by Jordan Chan
Local News Editor
The Food and Drug Administration (FDA) issued emergency use authorizations for the Pfizer-BioNTech COVID-19 vaccine and the Moderna COVID-19 vaccine on Dec. 11 and Dec. 21, respectively. Both vaccines work by using mRNA to instruct cells to produce a certain protein in the virus that allows patients to develop an immunity. So far, there is no evidence that one vaccine is more effective or safer than the other.
The Pfizer vaccine calls for two doses 21 days apart, and it has authorization for use on patients aged 16 and older. Administrators inject the vaccine into the upper arm muscle, and patients may experience side effects for a few days following vaccination. These side effects can include pain at the injection site, tiredness, headaches, muscle pain, chills, joint pain, and fever.
The Moderna vaccine calls for two doses 28 days apart, and it has authorization for use on patients aged 18 and older. Administrators inject the vaccine into the deltoid muscle at the top of the shoulder. The Moderna vaccine can cause the same side effects as the Pfizer vaccine, and it may also cause nausea, vomiting, and swelling in the lymph nodes located in the punctured arm. Regarding both vaccines, the Center for Disease Control and Prevention (CDC) states, “Side effects may feel like flu and even affect your ability to do daily activities, but they should go away in a few days.” Patients may notice that the side effects worsen after their second dose of either vaccine.
Although the Pfizer vaccine and Moderna vaccine are similar, they have different storage requirements; the Pfizer vaccine stores at negative 94 degrees Fahrenheit and can be refrigerated after thawing for up to five days, while the Moderna vaccine stores at negative four degrees Fahrenheit and can be refrigerated after thawing for up to 30 days.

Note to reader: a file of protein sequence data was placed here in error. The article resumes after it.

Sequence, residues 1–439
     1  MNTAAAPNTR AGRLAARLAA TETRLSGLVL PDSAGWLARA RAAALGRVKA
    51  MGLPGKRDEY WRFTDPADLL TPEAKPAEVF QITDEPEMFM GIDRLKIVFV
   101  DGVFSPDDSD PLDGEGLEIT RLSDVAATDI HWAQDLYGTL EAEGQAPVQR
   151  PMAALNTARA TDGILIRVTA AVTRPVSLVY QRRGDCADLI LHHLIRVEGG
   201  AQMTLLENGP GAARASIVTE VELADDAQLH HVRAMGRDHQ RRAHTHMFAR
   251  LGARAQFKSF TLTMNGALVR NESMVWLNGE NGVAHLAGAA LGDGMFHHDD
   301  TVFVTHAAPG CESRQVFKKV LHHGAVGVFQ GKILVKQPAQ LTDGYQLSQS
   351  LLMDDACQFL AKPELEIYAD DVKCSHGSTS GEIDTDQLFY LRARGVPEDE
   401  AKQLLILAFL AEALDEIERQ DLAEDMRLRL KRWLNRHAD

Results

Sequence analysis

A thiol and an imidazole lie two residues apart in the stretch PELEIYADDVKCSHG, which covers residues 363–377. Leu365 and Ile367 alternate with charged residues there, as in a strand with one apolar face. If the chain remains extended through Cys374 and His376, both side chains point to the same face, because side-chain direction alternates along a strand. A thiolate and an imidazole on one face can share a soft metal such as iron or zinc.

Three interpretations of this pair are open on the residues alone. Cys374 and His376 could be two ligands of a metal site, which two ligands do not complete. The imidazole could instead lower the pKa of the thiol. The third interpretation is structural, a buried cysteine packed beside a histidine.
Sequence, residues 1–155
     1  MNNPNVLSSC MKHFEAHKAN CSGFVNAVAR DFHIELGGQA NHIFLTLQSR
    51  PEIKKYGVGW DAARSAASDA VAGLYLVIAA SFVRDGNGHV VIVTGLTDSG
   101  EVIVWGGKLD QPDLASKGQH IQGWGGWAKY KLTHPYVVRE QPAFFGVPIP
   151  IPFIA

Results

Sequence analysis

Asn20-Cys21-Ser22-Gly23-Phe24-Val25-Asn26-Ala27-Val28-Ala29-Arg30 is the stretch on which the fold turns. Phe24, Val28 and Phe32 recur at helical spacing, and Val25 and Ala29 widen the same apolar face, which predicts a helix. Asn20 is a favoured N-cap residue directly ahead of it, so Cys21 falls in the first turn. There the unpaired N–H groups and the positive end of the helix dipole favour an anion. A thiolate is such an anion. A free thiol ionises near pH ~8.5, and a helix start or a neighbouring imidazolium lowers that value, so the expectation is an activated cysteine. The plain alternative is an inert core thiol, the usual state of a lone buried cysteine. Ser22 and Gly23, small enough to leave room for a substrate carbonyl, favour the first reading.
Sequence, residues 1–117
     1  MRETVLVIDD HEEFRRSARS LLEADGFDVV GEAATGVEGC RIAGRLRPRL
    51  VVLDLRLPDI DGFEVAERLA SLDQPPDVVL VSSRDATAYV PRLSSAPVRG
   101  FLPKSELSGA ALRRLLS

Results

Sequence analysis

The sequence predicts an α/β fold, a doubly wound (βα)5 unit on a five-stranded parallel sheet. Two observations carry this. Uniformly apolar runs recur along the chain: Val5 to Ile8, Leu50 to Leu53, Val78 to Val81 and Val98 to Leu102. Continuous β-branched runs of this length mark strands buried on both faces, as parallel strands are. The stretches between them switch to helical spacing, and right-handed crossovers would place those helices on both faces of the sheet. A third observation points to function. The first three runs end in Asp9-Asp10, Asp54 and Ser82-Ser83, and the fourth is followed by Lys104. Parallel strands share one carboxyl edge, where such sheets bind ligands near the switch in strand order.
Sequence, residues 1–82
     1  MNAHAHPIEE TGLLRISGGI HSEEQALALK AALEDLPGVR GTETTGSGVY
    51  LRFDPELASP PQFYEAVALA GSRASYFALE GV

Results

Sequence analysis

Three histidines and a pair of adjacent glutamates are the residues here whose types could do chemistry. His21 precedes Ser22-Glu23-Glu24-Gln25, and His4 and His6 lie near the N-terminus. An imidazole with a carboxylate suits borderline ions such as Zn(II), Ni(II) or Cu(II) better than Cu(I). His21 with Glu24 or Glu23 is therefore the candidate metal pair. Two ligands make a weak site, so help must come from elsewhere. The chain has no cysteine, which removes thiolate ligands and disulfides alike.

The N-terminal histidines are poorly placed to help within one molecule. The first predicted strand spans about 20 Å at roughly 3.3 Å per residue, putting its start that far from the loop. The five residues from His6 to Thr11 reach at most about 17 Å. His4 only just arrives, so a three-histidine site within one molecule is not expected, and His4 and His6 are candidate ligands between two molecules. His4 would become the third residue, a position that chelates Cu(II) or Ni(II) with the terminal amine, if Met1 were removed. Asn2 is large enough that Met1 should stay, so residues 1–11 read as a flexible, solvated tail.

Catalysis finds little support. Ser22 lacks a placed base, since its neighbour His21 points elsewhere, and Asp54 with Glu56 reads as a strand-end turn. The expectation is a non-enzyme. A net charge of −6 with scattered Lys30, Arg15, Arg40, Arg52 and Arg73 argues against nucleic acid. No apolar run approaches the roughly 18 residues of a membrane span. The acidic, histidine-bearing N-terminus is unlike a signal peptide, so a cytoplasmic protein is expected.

The CDC adopted recommendations from the Advisory Committee of Immunization Practices (ACIP) on the phases for administering COVID-19 vaccines to the general public. Phase 1A prioritizes the vaccination of healthcare personnel and residents of long-term care facilities. Phase 1B focuses on frontline essential workers, like firefighters, educators, and grocery store workers, and people aged 75 and older. Phase 1C will deliver vaccines to people aged 65 to 74 and high risk individuals between the ages of 16 and 64. These individuals must have underlying medical conditions — such as severe obesity, type one diabetes, or serious heart diseases — that increase their likelihood of encountering serious or life-threatening complications from the virus. Phase 1C also extends vaccination to a broader variety of essential workers like workers in communications, energy, law, public safety, and public health.
U.S. Continuity of Government protocols prioritize the vaccination of top government officials in the three branches of government. These protocols exist to ensure that the United States’ constitutional government functions no matter the circumstances. There are no further recommendations for COVID-19 vaccination at this time. However, as the availability of vaccines changes, recommendations will extend to others.
(Sources: AP, CNN, CDC, ACIP, FDA, Forbes)